There’s no question that the earthquake/tsunami disaster in Japan is another monumental human tragedy.
One of the most serious problems is the catastrophic damage caused to Japan’s nuclear power plants – an issue that will spill into the global nuclear power industry at large.
So far, two explosions have rocked the heavily damaged Daiichi nuclear plant and as many as three reactors at other nuclear power plants may have also sustained damage.
Authorities are currently operating under the assumption that a partial overheating and melting of the reactor cores has either already occurred, or is in process at Daiichi Units One, Two, and Three.[ad#Google Adsense]Unit Two may in fact turn out to be the worst of them, as its fuel rods may have been totally exposed for some time.
To combat the problem, authorities are pumping boric acid and seawater into the reactor vessels, which stops the nuclear chain reaction and provides further cooling to the reactor cores.
And while it also effectively prevents those reactors from ever operating again, it significantly lessens the chance of a full Chernobyl-like core meltdown and the catastrophic release of large quantities of radioactive gases into the atmosphere.
To say that the events in Japan will deal a blow to the nuclear power is a given. However, it remains to be seen whether it’s the ultimate death knell. Let’s take a look…
Taking the World’s Nuclear Pulse
Worldwide, there are currently over 60 units under construction…
- China: The country already has 13 nuclear power plants in operation, 25 under construction and plans to start building more soon.
- India: Currently has 20 reactors in operation and four under construction. A further 20 more are planned.
- Germany: It’s a different story in Europe’s biggest nation, where nuclear power continues to be a contentious issue. The government recently made a controversial decision to extend the life of the country’s 17 nuclear power plants, even in the face of a survey that said over 70% of Germans are opposed to nuclear.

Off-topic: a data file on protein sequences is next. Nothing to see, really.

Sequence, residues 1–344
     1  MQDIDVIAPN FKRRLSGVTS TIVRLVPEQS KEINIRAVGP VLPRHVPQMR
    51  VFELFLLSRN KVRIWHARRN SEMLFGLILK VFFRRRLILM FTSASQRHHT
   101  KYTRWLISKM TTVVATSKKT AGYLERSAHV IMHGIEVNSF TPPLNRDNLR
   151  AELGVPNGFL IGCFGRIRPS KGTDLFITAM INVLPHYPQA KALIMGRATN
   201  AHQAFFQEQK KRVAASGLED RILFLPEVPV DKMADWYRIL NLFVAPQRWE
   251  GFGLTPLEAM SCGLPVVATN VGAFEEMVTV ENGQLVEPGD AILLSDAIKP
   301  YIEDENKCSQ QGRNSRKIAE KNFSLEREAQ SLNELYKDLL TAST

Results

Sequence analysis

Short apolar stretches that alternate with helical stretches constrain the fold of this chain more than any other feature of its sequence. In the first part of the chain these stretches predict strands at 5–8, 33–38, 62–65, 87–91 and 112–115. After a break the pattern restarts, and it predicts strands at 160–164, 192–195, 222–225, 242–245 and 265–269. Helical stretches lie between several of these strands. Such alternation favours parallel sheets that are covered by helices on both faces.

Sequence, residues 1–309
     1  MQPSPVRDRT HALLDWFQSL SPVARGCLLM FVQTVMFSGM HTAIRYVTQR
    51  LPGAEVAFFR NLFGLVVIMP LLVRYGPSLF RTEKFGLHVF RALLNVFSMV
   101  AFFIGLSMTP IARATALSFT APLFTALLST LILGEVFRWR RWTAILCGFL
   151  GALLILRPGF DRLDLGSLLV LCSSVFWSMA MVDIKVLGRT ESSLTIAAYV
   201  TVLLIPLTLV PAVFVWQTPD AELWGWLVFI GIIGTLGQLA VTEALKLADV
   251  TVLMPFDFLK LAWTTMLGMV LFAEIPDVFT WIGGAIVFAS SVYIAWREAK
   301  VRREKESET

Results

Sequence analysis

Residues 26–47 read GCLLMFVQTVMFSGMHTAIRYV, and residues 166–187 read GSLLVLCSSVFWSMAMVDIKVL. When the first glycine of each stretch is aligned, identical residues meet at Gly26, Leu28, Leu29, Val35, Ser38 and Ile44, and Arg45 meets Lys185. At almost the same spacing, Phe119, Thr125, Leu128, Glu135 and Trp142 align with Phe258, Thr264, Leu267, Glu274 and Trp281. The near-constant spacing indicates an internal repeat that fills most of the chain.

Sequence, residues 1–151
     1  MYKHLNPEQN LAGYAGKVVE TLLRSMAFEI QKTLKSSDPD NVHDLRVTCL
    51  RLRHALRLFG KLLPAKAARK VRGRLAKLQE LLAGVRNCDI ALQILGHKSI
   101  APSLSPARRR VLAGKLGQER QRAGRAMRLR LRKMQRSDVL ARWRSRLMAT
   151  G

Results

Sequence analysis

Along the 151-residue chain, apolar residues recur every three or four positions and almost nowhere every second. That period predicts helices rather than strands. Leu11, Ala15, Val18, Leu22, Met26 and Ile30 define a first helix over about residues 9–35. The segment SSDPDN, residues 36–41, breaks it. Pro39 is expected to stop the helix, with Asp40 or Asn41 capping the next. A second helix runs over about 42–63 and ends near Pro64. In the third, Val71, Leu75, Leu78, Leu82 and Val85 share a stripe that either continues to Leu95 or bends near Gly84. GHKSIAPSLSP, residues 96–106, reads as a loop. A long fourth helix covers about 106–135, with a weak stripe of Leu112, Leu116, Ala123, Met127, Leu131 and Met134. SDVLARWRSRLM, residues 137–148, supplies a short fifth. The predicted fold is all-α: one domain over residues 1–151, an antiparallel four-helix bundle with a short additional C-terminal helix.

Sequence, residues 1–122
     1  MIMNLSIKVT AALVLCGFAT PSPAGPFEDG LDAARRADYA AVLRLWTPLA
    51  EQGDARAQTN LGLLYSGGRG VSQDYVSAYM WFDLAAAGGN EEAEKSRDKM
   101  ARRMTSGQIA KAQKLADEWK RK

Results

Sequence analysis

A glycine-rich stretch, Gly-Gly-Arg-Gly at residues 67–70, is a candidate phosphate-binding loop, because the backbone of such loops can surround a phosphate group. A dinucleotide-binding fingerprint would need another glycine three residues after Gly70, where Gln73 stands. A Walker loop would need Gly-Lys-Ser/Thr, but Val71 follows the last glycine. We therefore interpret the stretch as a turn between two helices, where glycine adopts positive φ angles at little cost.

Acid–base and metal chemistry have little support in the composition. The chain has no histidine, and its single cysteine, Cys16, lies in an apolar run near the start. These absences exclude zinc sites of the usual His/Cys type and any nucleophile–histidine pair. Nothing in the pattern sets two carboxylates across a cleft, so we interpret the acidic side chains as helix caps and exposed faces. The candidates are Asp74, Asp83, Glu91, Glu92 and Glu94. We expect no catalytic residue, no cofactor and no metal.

- The United States: Like Germany, we haven’t exactly been on a mission to approve plans for new nuclear power plants lately, either. In fact, America hasn’t seen a new nuclear power plant brought online in over 30 years. And the only one currently under construction is in Tennessee.
Is that changing?
Nuclear Stocks: Buy or Sell?
Southern Company (NYSE: SO) recently received approval from the Department of Energy to build two additional units at its Vogtle Nuclear Power facility, where two are already in operation.
And while preparation of the site for Unit 3 (slated to begin operating in 2016) has been underway for some time, meaningful building construction has yet to start. It’s a safe bet that with the inevitable delays that continually plague construction, it probably won’t fire up until 2020.
In fact, if Representative Ed Markley (D-MA) has anything to say about it, the bulldozers will probably stay parked. On CNN yesterday morning, he stated: “We should probably put nuclear plant construction on hold for the moment.” Representative Joe Lieberman essentially said the same thing.
Of the 104 commercial nuclear power plants in the United States that are operational, 69 are pressurized water reactors and 35 are boiling water reactors. Together they generate about 806,000 Gigawatts of electricity, or about 30% of all the electricity generated in the United States.[ad#article-bottom]Trouble is, 23 of them are similar in design to those currently failing in Japan. In the short-term, investors would be wise to steer clear of any nuclear stocks like uranium producers Cameco (NYSE: CCJ) and USEC (NYSE: USU) at least until we see how the fluid events in Japan play out.
The bottom line is this: Don’t buy these stocks now, in hopes of a contrarian bounce. In the short term, we could see more pullbacks and increased volatility as the situation unfolds.
However, once the situation settles, these stocks (and others) could offer excellent buying opportunities, as there’s no question that nuclear power will continue to play a significant role in the world’s electrical power generation equation.
— David Fessler[ad#jack p.s.]
Source: Investment U